In This Edition: Tertiary Education Loans - The Tribe Is Speaking - Sleep-Walking To Oblivion
First, my thanks for your site, I read it occasionally to keep up with what is happening in New Zealand (particularly near election time) and because you publish Simon Upton.
I have read some of your recent submissions on student debt and find them sufficiently sad that I feel compelled (annoyed?) to write. As someone with a long experience of tertiary education, as an undergraduate in New Zealand, as a post-graduate in the US, and now as a junior academic in the US, it seems incredible that most of your correspondents value tertiary education so little that they they don't believe it is worth paying for. All these tears about students who face $20000 (NZ) or $30000 debt - in extreme cases $50 000 - seem misplaced, given that most New Zealanders have no compunction about borrowing $100 000 or $ 150 000 (or more) to buy a house. It seems incredible that people like Easton or Harre don't believe three, four, or more years of education - the chance to take courses in ancient history, or nuclear physics, or philosophy (or even something which will practically guarantee a high paying job, like medicine) - aren't worth the price of an extra bedroom, or a second garage, or a fancier view.
One of the refreshing things about teaching in the US is way how many students take a four year liberal arts course before they undertake professional training in such fields as medicine or commerce or law. Students are exposed to arts and sciences - ideas and books - and encouraged to think widely outside their core fields. They pay for this, of course - undergraduate fees at the state-owned University of Michigan where I teach are over $6000 (US) per year for Michigan residents, and $20 000 for out of state students (a third of the total), but most people consider it is worth it, and borrow or have their parents save to finance their education. It is only a small fraction of a house, after all.
True, the University of Michigan does have a large, privately donated, endowment to provide scholarships to people who have financial difficulty. New Zealand should take note. I am sure New Zealand would be well advised to both encourage greater private donations to tertiary education and provide sufficient financial assistance for those who need it. But this is not an argument to abolish loans or fees. Indeed, given the appalling salaries earned by New Zealand academics (especially junior academics) , there is a good argument to increase fees to either to increase salaries or reduce class sizes/ teaching work-loads.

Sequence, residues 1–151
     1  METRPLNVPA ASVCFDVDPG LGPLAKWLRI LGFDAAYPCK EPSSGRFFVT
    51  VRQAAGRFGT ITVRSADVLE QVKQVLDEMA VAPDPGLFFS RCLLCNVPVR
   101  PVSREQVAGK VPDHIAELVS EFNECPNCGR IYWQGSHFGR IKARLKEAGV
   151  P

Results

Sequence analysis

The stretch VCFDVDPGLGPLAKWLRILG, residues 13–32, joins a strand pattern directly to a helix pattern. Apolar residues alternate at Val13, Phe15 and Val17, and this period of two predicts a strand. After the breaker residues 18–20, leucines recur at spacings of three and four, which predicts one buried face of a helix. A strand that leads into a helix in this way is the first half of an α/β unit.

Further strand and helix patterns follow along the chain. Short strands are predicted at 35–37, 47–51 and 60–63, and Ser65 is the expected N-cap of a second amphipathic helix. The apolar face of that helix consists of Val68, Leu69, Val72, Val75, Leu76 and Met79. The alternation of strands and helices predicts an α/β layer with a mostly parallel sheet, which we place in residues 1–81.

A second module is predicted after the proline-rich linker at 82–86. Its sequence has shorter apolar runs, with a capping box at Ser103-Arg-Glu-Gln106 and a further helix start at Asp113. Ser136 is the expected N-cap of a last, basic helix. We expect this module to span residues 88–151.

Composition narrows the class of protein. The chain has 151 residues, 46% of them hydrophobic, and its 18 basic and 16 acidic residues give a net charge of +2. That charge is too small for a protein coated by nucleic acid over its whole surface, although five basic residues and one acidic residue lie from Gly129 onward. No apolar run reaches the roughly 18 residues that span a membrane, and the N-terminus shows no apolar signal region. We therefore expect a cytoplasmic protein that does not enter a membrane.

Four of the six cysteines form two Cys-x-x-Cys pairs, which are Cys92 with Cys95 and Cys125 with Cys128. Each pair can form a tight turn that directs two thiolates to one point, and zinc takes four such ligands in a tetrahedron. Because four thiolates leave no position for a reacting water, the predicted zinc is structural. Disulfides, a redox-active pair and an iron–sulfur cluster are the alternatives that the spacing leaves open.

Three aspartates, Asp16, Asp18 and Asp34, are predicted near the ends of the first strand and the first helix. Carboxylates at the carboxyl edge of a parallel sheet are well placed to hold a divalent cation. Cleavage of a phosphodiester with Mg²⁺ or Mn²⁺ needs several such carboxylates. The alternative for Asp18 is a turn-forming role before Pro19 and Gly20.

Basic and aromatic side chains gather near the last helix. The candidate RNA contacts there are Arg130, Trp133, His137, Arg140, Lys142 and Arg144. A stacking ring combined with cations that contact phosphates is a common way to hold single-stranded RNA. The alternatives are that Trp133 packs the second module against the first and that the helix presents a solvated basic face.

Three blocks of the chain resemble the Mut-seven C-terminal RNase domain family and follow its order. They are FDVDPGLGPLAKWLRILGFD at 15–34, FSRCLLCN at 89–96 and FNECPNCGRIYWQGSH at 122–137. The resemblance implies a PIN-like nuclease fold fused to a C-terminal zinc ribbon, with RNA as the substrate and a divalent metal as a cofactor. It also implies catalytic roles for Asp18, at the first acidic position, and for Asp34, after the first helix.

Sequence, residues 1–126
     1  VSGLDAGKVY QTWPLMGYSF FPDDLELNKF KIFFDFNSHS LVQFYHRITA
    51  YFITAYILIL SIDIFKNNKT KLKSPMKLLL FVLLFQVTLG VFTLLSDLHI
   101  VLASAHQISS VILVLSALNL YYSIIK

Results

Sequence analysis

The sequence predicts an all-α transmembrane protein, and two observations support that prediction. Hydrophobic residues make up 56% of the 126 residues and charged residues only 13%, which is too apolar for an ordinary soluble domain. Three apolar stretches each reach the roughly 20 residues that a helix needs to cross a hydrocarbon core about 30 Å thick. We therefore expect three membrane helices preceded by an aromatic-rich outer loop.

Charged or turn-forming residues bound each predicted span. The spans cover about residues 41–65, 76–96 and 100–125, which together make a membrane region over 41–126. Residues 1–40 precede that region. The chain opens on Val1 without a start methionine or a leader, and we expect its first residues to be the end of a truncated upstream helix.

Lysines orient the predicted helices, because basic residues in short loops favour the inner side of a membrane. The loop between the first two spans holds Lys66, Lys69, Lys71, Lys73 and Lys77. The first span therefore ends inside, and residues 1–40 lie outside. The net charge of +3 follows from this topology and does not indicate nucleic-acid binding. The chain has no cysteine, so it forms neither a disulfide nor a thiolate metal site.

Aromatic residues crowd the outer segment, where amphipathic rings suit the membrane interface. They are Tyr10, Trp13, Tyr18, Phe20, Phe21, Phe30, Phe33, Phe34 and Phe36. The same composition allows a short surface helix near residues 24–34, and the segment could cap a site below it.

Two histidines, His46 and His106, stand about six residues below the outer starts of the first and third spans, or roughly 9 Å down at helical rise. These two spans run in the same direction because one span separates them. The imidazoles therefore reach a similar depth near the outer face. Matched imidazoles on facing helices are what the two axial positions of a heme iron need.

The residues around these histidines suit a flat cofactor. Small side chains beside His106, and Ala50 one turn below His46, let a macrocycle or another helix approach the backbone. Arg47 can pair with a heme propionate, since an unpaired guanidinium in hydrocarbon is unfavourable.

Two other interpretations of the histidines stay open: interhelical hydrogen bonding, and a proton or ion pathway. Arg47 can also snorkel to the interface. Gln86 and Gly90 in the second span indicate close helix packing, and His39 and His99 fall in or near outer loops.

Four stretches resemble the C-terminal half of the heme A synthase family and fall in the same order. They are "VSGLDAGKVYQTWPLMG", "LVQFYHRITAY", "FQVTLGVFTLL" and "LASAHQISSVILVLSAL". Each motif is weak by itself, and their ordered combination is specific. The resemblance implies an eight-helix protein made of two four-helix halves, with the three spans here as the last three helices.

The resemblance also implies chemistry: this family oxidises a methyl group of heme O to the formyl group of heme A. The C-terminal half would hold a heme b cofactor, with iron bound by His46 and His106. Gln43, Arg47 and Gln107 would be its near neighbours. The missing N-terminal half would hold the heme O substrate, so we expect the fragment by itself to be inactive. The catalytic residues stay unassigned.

There. I got that off my chest.
(who had a free undergraduate education in NZ, but had to both eliminate his savings and borrow to finance the part of his post-graduate education not financed by the scholarships provided by the generous donators to a University's endowment fund.)
(and who is saving so that one day he may be able to afford to be an academic in New Zealand)
Tribe Is Speaking
As the lead-up to the election enters its final stage it is wonderful to see that the more basic instincts of tribalism are alive and well in Godzone.
Despite the benefits of centuries of hindsight and assertions that we are a part (albeit a small part) of a global village, mankind simply cannot divorce itself from the tribal mentality.
This is epitomised in this election campaign where the Labour party, having had a taste of MMP and the contradictions this introduces into the equation, have again shown their true colours by resorting to (surprise, surprise) fighting the campaign on the basis of "wanting it all".
This is socialism (read tribalism) at its meanest. If you are unable to manage the aspirations of minority partners through reasoned and democratic debate, suppress it through fear and disinformation.
How and why, as voters, we continue to believe the governance of a country can be achieved through the amalgam of various groups driven by ideology and the desire for power rather than practical economic and social justice mystifies me.
Sleep-Walking To Oblivion
Helen Clark during the Leaders' debate voiced the observation, "I was brought up in a period of full employment". Helen Clark, again during the Leaders' debate, "I was brought up in a time when few had heard of the Treaty of Waitangi".
Two things have changed since then.
Firstly, The Treaty pervades every aspect of our society and life to the extent that almost anything that suggests we should be a nation of one people with equal rights, goals and aspirations is excluded on politically correct cultural grounds.
Secondly, dubious immigration policies, exploding welfare opportunities and ill-conceived internal and foreign affairs and trade policies are conspiring to drive up the levels of those who are unemployed or in low paid work, particularly those who are educationally and skill disadvantaged.
The linkage is surely obvious.
In the words of Winston Peters we should be defending .."the rights of all New Zealanders irrespective of whether they come from Tauranga or Te Anau, from Whakatane or Westport, or originally from Hawaiiki, Hanoi, Holland, Hampshire, or Hokianga*to be first class citizens of a first world country, and not consigning many to second class citizenship in a country sleep-walking to the third world."